Wednesday, June 15, 2011

A Quest for Adventure, by David Horton

Last year I wrote about the documentary The Runner, which followed Davd Horton's record-setting run of the Pacific Crest trail (my review here).  A few years before this effort, Horton set out to break the speed record on the Appalachian Trail, from Georgia to Maine.  A Quest for Adventure tells the story of his 1991 A.T. run, as well as his 3rd place finish in the 1994 Trans America race.  With daily dispatches from both runs, Horton and his co-author Rebekah Trittipoe give us a detailed account of what it took to finish both of these feats.

After watching The Runner, I was ready to lace up my shoes (or Velco up my VFFs) and follow Horton's footsteps on the trail.  The DVD has the benefit of both the visual element--the scenery was spectacular--and the time element--you get the whole experience in less than 80 minutes.  By contrast, after reading A Quest for Adventure, I was convinced that if I ever run or hike the Appalachian Trail, I will do it nice and slow, preferably in chunks.  And I don't think I ever want to run across the U.S. 

Horton does love to run, that's clear.  Unfortunately, the tone of Quest leans more toward pain, loneliness, and suffering.  Horton's wife was reluctant to send him away for the months the AT run would take.  He frequently speaks of how he missed her, of crying on the trail, of longing for home.  Some days he had someone running with him, but much of his time was spent running alone.  I'm sure the scenery was great, and the trails were great, but that paled in the misery of the long days (30-40 miles or more) day after day after day.  Even his finish in Maine seemed anticlimactic.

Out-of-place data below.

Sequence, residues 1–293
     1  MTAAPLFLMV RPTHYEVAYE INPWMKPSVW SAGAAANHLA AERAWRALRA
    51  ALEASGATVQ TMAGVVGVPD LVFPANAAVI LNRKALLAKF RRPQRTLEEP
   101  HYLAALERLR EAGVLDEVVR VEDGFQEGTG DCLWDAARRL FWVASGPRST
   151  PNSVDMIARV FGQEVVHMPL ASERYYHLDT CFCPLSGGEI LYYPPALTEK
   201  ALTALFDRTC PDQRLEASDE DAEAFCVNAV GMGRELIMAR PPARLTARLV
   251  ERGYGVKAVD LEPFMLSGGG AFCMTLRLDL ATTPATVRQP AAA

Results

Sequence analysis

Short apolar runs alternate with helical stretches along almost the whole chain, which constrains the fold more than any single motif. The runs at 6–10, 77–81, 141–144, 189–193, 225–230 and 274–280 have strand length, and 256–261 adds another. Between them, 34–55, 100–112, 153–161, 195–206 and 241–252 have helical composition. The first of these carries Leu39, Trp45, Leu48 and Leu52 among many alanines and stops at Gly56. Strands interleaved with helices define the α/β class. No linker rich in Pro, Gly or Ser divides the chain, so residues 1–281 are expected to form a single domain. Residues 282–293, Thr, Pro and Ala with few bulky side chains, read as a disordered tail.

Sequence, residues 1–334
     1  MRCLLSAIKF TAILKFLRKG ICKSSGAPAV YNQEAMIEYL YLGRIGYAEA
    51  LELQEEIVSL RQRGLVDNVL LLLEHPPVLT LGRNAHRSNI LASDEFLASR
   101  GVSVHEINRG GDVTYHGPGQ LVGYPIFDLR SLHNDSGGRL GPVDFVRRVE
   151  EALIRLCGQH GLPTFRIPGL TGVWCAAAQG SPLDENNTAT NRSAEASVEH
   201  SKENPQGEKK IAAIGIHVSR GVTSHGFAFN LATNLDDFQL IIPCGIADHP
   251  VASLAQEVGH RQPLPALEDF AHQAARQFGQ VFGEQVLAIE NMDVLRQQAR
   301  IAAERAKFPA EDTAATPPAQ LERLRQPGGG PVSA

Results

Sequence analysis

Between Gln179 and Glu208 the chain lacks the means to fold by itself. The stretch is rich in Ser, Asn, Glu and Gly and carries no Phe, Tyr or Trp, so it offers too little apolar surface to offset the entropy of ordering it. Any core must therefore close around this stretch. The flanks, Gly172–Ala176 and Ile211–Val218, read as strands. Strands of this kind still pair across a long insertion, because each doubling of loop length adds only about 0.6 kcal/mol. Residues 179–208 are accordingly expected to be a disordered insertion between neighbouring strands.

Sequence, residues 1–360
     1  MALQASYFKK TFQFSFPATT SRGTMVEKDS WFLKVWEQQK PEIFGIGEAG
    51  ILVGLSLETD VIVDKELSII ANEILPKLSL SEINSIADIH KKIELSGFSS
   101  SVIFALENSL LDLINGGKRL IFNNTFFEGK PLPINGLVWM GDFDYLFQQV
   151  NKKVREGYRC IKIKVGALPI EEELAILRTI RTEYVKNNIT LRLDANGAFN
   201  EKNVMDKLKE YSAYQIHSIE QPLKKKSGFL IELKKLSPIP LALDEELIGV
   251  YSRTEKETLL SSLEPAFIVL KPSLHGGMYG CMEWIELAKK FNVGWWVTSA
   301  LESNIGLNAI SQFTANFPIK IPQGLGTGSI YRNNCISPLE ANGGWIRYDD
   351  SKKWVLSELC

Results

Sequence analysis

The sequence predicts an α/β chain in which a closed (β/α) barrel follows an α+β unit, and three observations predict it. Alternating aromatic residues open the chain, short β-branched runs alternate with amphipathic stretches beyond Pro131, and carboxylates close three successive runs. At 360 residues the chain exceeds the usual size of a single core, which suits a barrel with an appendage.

OK, I've run the whole trail and set a new record.  Can I go home now?
At least the AT run was on nice trails and had a view.  The Trans America race was pretty much all pavement, with some nice views, at times, I'm sure (we live in a vast and varied nation with some beautiful sights to see), but running on the road all that time had to be a drag.  Some was on the shoulder of the interstate, some was even on highways with no shoulders, with 18 wheelers blasting by!  Plus, there was very little drama here.  After the first few weeks, the top spots were separated enough that the best the runners could do was to maintain their place.

Please don't hear me saying that I minimize or belittle the accomplishment of running across the U.S. or setting the AT record.  But I'm left asking, Why?  Horton, a Christian who teaches at a Christian university, speaks frequently about glorifying God in his accomplishments and relying on God's strength and provision.  He said he felt the prayers of his many friends and acquaintances who were praying for him, and he sensed God's answers to his prayers along the way.  I was reminded of the time I was deep into a 50 miler and asked God for his help to finish strong.  I clearly heard God laugh at me and say, "I never asked you to sign up for this race!  You're on your own, buddy!"  (OK, so maybe that wasn't really the voice of God. . . .)
During the Trans American run, David paused at the crossroads of the AT and the Trans America course.
Horton did give an idea of what a production each of these runs was.  In both the AT and the Trans Am, he had dozens and dozens of people crewing for him at one time or another.  And he doesn't go into a lot of detail about the expense, but it sounds like it definitely took some careful planning and budgeting to make these happen.  On the AT, he even washed dishes and cleaned to pay for some of his lodging!

The other striking thing is that he grew stronger through each run.  Rather than wearing him down, the daily runs built up his conditioning, so that he was running as strong, if not stronger, near the end as at the beginning!  Clearly, this type of feat is nor for everyone, but it seems to agree with Horton.

A Quest for Adventure may not be the most beautifully written or profound book you've ever read, but as a journal of 2 remarkable runs, and as a resource for those who want to take on such a challenge, it's worth a read.

More info on the book here:

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